The Center for Data Innovation spoke with Ofer Tziperman, chief executive officer of Anagog, an Israeli company that enables mobile phones to understand users’ real-world behaviors and real-time context to craft personalized customer experiences and increase retailer engagement. Tziperman discussed how this technology empowers consumers to pull personalized offerings from retailers when they have the time and attention to engage with it. At the same time, it allows retailers to anticipate consumer’s needs and provide relevant, personalized offers that are tailored to customers’ needs.
This interview has been edited.
Sujai Shivakumar: What is the primary problem Anagog is trying to solve?
Ofer Tziperman: Until now, brands and advertisers collected huge amounts of highly personal data from as many sources as they could get their hands on, so they can build a detailed and accurate user profile to help them target the right user with the right offering.
At Anagog, we decided that we should turn the traditional cloud-based concept on its head. Instead of the cloud collecting tons of private data and processing this data to push offerings to the relevant users, we want to allow the smartphone itself to learn its owner—the user—and based on each individual user’s profile and real-time context, allow the smartphone to pull the relevant offering from the cloud, but without revealing any identification to the cloud in return.
Think about the following example: You walk into your hotel restaurant for breakfast. You have two options: you can sit at a table and be served by a waiter and then you are fully identified by the waiter who needs to serve you with your order, or you can take your plate and go to the buffet. The result is exactly the same, you have on your plate what you want, but with the buffet, you did not need to identify your choices to the waiter. You just pull the food anonymously to your plate.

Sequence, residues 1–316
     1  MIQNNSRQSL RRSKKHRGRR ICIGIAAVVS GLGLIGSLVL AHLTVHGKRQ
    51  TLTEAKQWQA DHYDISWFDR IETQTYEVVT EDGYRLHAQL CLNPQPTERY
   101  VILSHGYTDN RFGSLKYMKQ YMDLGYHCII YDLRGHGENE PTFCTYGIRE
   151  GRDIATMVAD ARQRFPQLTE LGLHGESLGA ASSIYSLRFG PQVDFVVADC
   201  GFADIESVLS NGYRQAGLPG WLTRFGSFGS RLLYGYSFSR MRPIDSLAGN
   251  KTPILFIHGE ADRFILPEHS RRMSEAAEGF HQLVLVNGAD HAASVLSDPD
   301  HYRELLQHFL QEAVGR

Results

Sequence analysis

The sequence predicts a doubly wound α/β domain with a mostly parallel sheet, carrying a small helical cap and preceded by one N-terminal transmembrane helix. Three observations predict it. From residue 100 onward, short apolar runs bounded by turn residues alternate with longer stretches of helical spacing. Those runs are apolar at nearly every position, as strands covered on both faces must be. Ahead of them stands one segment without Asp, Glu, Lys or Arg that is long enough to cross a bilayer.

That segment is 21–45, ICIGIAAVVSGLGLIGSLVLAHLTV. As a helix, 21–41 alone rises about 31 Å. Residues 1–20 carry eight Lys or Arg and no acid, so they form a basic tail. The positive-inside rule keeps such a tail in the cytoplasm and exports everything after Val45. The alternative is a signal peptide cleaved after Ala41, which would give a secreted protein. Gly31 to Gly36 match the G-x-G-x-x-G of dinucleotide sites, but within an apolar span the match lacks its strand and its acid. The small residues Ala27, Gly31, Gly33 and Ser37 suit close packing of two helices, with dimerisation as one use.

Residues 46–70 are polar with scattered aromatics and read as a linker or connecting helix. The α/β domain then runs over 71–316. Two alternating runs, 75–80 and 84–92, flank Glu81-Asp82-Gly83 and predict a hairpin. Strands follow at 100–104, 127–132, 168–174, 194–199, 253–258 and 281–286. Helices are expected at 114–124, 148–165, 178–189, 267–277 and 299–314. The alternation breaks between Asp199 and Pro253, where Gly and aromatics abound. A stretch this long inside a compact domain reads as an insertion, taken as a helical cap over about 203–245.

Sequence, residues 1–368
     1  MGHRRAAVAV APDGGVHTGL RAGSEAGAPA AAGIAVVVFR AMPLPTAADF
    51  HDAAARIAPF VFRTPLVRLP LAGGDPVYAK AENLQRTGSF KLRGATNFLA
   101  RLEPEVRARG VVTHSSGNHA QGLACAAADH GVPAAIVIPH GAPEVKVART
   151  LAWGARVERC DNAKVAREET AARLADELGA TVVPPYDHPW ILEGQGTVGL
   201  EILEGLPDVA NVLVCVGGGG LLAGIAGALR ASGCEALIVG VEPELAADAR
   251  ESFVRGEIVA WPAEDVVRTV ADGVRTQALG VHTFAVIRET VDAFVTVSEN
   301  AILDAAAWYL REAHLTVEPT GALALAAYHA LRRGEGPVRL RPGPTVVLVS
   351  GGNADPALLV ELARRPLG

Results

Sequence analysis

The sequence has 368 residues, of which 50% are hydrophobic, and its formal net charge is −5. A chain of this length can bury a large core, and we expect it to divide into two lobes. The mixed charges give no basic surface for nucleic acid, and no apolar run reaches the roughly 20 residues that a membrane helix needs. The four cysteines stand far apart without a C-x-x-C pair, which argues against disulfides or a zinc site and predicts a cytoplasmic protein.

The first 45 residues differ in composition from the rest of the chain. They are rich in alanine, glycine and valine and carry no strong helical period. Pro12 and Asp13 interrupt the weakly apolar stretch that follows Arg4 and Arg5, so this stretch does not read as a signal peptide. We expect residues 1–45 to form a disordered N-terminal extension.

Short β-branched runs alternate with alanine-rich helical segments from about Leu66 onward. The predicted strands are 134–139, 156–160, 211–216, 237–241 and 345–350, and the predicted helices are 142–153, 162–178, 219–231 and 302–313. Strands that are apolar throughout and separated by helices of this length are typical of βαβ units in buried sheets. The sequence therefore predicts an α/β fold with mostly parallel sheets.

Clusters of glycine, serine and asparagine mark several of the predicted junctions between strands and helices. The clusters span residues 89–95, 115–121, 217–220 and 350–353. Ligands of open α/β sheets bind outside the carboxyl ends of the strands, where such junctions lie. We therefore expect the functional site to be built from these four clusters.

We ended up using edge AI to build the brain in the smartphone rather than in the cloud. And we developed the first-ever personalization engine that can use all the available data sources in the smartphone to understand both the user profile—micro-segments—and their real-time context—micro-moments—all inside the smartphone, without the need for any support from the cloud. So personal data never needs to leave the smartphone.
Shivakumar: How can data from smartphone sensors anticipate customers’ movements and needs?
Tziperman: In our smartphones, we have many different sensors, such as an accelerometer, barometer, GPS, Wi-Fi, Bluetooth, magnetometer, and more. By analyzing the different signals generated by the different sensors, and by fusing them together in the smartphone itself, the AI algorithms allows the smartphone to gain insights about its user’s activities. For example, analyzing accelerometer signals can provide insights about whether the user is walking, running, or driving. Analyzing multiple sensors together can provide insights if the user is on a bus, a train, or in a car. And since it is all done in the smartphone, all this valuable information can be understood in real-time.
In addition, there are options to understand the lifestyle of the user. If they are frequently visiting golfing ranges and clubs, they are a “golfer.” If they are frequently visiting shopping malls, they are a “shopper.” If they are running several times a week, they are a “runner,” and if they visit schools for a short time in the morning and in the afternoon, they are probably a “parent picking or dropping a child”. Furthermore, the edge AI can also investigate the host app to use any information already known to the app such as the user’s age, gender and real-time context of actions taken in the app.